It was buried under some of the seemingly more important news about injuries (more on that later), but this was the biggest update of them all, proving once and for all that Jeff Heath is indeed the GOAT!
Dan Bailey won't kick today, he woke up on Sunday with back issues but still managed to kick in the game, although he did miss a 47-yarder. The Cowboys hope his condition improves as the week goes on. Surprisingly, Garrett said Jeff Heath is the backup kicker, not punter Chris Jones.
We've been calling him a special teams ace for years -- but the backup kicker!? Jeff Heath the pic.twitter.com/sP9VvMhDYR— David Helman (@HelmanDC) October 5, 2016
Since Bailey can't go right now, Heath is filling in during practices. And he thinks he did pretty well for his first time.
Heath, now a safety for the Cowboys, reverted to his soccer roots Wednesday. He doubled as the team's kicker with Dan Bailey nursing a bad back.
Heath said he went 3-for-6 Wednesday, but the kicks came on the skinny goal posts on the practice field. So he insists the three misses would have sailed through the regular uprights.
"It was kind of fun for the whole team," Heath said. "Coach [Jason] Garrett was back there chirping me a little bit. All the guys were trying to get me to miss. It was fun.
The injury list remains rather lengthy for the Cowboys, now including Tony Romo, Dez Bryant, Dan Bailey, and David Irving. And La'el Collins has now been placed on IR. But there was some good news.
Dallas Cowboys left tackle Tyron Smith and cornerback Orlando Scandrick were at practice Wednesday and dressed to participate at The Star.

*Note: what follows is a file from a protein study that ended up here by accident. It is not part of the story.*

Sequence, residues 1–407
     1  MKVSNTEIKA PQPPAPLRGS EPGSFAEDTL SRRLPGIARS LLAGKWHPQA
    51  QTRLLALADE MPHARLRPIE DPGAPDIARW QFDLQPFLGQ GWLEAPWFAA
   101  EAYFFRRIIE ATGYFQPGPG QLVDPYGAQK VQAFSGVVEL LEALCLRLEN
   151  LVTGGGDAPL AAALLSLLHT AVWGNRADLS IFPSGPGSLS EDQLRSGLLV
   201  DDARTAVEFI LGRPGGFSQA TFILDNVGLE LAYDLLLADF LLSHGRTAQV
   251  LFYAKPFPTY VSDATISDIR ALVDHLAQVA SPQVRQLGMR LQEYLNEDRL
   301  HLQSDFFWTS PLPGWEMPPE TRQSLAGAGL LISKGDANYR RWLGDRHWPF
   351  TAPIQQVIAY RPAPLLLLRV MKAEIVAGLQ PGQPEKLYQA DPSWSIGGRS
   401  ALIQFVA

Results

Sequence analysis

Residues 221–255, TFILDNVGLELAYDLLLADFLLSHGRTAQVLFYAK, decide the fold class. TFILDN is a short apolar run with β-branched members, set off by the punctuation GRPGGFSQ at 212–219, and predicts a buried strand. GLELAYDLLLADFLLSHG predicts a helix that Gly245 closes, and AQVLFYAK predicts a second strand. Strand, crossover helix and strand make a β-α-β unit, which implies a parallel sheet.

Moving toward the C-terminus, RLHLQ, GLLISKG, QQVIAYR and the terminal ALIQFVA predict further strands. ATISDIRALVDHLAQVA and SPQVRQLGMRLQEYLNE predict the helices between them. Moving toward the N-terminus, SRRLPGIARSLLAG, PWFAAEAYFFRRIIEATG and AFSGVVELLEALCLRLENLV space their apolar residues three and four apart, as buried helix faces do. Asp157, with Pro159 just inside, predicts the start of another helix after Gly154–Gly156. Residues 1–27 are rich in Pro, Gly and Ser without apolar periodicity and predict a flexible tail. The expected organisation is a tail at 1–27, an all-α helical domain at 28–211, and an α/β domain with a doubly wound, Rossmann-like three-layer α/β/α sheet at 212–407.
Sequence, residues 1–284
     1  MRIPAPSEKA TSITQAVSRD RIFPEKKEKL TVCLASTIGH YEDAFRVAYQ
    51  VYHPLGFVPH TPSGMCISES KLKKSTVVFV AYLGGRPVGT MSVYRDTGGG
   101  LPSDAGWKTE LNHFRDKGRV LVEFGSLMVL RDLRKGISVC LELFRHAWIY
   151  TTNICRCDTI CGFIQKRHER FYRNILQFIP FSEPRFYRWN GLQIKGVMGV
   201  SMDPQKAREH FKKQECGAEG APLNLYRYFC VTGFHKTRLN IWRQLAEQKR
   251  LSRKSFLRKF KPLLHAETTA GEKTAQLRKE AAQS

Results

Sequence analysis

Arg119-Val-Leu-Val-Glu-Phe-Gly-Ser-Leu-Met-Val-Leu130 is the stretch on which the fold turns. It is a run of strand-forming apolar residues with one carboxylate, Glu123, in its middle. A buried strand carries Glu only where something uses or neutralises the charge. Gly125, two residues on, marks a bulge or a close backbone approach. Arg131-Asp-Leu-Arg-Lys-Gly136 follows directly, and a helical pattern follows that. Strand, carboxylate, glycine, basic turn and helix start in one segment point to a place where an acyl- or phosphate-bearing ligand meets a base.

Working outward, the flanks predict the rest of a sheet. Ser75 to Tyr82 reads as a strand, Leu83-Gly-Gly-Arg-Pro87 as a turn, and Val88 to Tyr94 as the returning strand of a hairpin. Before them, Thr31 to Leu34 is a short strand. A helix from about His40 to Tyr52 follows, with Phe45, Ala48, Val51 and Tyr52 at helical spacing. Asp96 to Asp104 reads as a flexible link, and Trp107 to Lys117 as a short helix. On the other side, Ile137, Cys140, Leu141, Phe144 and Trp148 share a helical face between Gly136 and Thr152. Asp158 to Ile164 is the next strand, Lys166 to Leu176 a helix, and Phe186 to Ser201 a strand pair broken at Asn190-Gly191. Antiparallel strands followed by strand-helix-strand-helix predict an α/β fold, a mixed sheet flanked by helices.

Also returning to practice: LB Mark Nzeocha.
He practiced fully today, which seems like a good sign. Pretty sure that's the first time since mid-August. https://t.co/dJehsGtaq0— David Helman (@HelmanDC) October 5, 2016
Meanwhile, Tony Romo remains on schedule to be ready for the Philadelphia Eagles after the bye week, it appears, per head coach Jason Garrett.
"He's thrown it a little bit this week already. He'll continue to do that. Like with all our players, when you do work, the biggest thing is how do you respond to the work? How does he feel the day afterwards? You make those adjustments as you go."
The New York Jets are facing major issues at quarterback. And the "quarterback controversy" for the Cowboys, as Dak Prescott continues to thrive, has led them to supposedly look to Dallas for a possible solution - not that there is any real chance of this.
Dak Prescott has the Cowboys sitting pretty at 3-1. He has yet to throw an interception. He has a quarterback rating of 98.5. Combine him with young stars Ezekiel Elliott and Dez Bryant, and the Cowboys' future looks bright.
The real question is when the future becomes the present. And if that happens sooner than expected, could the Jets make a run at acquiring Romo in the offseason?
"If that becomes a possibility," one league source told NJ Advance Media, "yes. Absolutely. You have to. No questions asked."